Taking a cue from the suicide by debt-ridden Fatehgarh Sahib farmer Surjit Singh, Punjab Pradesh Congress Committee (PPCC) president Partap Singh Bajwa on Wednesday demanded that the Narendra Modi government waive the debt of Punjab’s farmers.
In a statement issued in Chandigarh, Bajwa also asked Modi to “concentrate on providing succour to the beleaguered farmers rather than focusing on the anti-farmer land legislation”.
The PPCC president reminded the Prime Minister that his predecessor, Dr Manmohan Singh, had waived Rs 72,000-crore debt and it was high time the present NDA government extended that policy of waiving debt.
Earlier, Bajwa and Fatehgarh Sahib Congress MLA Kuljit Singh Nagra visited Surjit Singh’s family at Dadu Majra village in Fatehgarh Sahib district.
Bajwa said, “It is a sad day for the farming community. The NDA government, instead of resolving farmers’ issues, is busy robbing them of their land by making amendments to the land acquisition bill. Punjab chief minister Parkash Singh Badal must explain what Prime Minister Narendra Modi has done for Punjab’s farming community and why farmers are committing suicide.”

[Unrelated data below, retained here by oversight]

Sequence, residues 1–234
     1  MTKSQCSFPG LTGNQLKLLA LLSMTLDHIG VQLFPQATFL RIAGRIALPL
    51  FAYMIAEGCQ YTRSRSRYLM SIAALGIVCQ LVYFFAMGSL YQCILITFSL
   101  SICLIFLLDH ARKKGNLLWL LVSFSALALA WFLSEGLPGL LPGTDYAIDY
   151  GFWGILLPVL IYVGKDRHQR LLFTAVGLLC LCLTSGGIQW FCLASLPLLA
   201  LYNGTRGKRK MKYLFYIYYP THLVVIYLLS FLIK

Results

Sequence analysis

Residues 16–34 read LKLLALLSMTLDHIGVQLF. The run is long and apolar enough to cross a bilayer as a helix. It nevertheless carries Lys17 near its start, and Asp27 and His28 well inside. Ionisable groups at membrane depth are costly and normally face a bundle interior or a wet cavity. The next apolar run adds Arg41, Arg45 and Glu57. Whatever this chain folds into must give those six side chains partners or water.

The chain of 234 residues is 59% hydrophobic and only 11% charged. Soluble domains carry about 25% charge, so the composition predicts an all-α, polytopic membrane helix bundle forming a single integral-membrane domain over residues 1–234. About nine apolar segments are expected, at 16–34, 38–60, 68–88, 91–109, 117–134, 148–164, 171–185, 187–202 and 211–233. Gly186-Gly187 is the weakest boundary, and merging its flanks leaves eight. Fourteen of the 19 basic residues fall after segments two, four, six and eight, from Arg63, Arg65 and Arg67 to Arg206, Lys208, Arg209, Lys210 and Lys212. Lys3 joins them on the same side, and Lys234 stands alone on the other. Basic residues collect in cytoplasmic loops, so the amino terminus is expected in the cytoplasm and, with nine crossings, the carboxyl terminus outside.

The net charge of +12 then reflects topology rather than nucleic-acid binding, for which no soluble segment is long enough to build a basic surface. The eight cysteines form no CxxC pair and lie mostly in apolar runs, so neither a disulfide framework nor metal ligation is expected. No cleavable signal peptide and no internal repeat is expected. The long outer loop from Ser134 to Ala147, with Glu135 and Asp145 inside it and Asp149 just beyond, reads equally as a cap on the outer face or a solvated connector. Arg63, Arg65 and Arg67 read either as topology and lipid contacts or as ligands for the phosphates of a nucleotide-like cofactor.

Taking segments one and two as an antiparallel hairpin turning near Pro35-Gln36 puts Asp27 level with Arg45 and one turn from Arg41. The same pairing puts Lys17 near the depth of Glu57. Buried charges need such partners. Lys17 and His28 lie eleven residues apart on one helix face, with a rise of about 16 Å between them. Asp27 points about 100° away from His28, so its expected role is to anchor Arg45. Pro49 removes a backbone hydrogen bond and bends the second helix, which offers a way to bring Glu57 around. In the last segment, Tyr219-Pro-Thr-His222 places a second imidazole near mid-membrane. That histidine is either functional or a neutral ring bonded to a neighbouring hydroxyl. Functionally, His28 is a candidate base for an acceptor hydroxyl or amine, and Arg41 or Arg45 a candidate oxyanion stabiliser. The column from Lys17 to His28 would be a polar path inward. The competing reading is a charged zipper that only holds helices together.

After attending the cremation, Bajwa said, “Brave farmers of Punjab are taking the extreme step due to the SAD-BJP government’s misrule.” He said Badal should press the PM to announce debt waiver during Modi’s forthcoming visit to Punjab.
Announcing Rs 2-lakh compensation for the farmer’s family, the state Congress chief said the Punjab government should pay Rs 10-lakh relief in this regard.
Meanwhile, Congress deputy leader in the Lok Sabha Capt Amarinder Singh expressed shock and grief over the suicide by Surjit Singh. “The situation calls for tackling the agrarian crisis on an emergency basis, lest it be too late,” he warned in a statement issued in Chandigarh on Wednesday.
The former Punjab chief minister regretted that almost every day there were reports of suicides committed by distressed and debt-ridden farmers and neither the state nor central governments appeared to be concerned in any way.
“It is a tragic state of affairs for the farming community as a whole, and death seems to be the only way out,” he observed.